Marketers are obsessed with data. The mar-tech industry has been so successful in pushing a narrative of attribution models while touting the certainty of data driven marketing decisions, no one dares make a decision without a dozen charts and tables to back it up.
To be clear, I love, love, love mar-tech. A godsend for stretched marketing teams, it boosts productivity. Improves campaign accuracy. Speeds time to market. Empowers teams to pivot and iterate creative on fly. Simplifies A/B tests. Makes conversion optimization possible. And a million other benefits I could go on about for paragraphs… but I won’t. You’re here, so you get all that.
It’s not the data that’s the problem. It’s your faith in it.
In fact, there’s a good chance your data is lying to you. You might even sense it. The numbers say one thing but something feels ‘off’. You just can’t quite put your finger on what it is and going against the data is risky.
Except, what if the truth opened up a whole new way of looking at your campaigns. What if your data is obscuring which efforts are actually planting the seeds of your future growth.
The Mar-Tech Data Fairy Tale
The typical mar-tech sales pitch weaves a pretty narrative about tracking customer behaviour across the relationship. It promises automatic insight so that you can stop wasting money on the 50% of your advertising that isn’t working. Sounds good but isn’t quite true.
Mar-tech data is incredibly helpful for making small, incremental improvements that optimize results over time. It’s much less useful when you need to extract the kind of insight that can reinvigorate a pipeline or dramatically impact conversion rates.
Data without context is just… data.
Ever opened vendor’s report and thought “What the *bleep* does this all mean for my business…?!”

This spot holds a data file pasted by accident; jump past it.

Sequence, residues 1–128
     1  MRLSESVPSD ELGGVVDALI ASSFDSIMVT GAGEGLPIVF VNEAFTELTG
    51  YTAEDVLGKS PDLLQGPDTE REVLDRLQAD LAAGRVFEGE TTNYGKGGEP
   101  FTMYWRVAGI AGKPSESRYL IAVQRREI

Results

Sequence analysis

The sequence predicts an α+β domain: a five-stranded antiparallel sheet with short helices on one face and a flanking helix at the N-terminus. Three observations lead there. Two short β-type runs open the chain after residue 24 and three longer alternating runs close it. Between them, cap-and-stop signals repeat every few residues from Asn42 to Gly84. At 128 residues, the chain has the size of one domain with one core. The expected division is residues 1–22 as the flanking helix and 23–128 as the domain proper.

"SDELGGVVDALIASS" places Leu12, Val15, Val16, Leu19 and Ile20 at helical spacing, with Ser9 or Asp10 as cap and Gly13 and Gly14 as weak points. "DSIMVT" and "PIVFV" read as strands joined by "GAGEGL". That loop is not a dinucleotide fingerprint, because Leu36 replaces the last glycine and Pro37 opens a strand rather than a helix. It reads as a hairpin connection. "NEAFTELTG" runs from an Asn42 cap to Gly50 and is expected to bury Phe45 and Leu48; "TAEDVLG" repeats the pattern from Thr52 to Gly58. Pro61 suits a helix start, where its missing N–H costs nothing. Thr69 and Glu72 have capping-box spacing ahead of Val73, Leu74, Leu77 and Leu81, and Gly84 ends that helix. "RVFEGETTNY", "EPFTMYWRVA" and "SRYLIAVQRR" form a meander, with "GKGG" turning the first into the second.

Invited to help a client evaluate a costly marketing campaign, I was handed a massive slide deck. Pages upon pages crammed with complex tables and vanity metrics showed that the program was actually quite successful by industry standards. Digging a little deeper, CAC was so high it appeared that my client was losing money money on every sale the campaign generated.
We had mountains of data about how their efforts were performing compared with other, similar companies but no useful information about the program’s impact on the bottom line. We needed to reconstruct missing strands of information from offline behaviour to see the full picture and make an informed decision about how to move forward.
What Went Wrong
Your tech stack can only report the data it has access to. Too often, that means vanity metrics and last touch attribution models that ignore much of the customer’s path to purchase.
Most small and medium businesses aren’t in a position to integrate data collection across the full buyer journey. And even when they do, there are so many assumptions built into the model that it’s impossible not to skew the outcome. And while we may spend a lot more of our time at the keyboard, because human beings still live and interact in the physical world, it’s unlikely your mar-tech has eyes into your customer’s entire path to purchase in a way that puts that data into usable context.
Relying solely on mar-tech data to drive your decisions is a bit like driving a car with your eyes closed and counting on your GPS to know when to turn.
Routinely Question Your Mar-Tech Data
Make qualitative data collection an integral part of your process is an easy and relatively inexpensive way to fact check the conclusions your mar-tech stack is suggestion. Ask your customers probing questions. Pay attention to what they say and how they say it. Then compare their answers to what your quantitative data is telling you.
You might be surprised at the differences. In our experience, the gold lives somewhere between what the customer tells you and what the data shows.
You don’t even have to take our word on it. Our colleagues over at Refine Labs have been quite vocal about the need for marketers to rethink attribution models on the DemandGen Live podcast.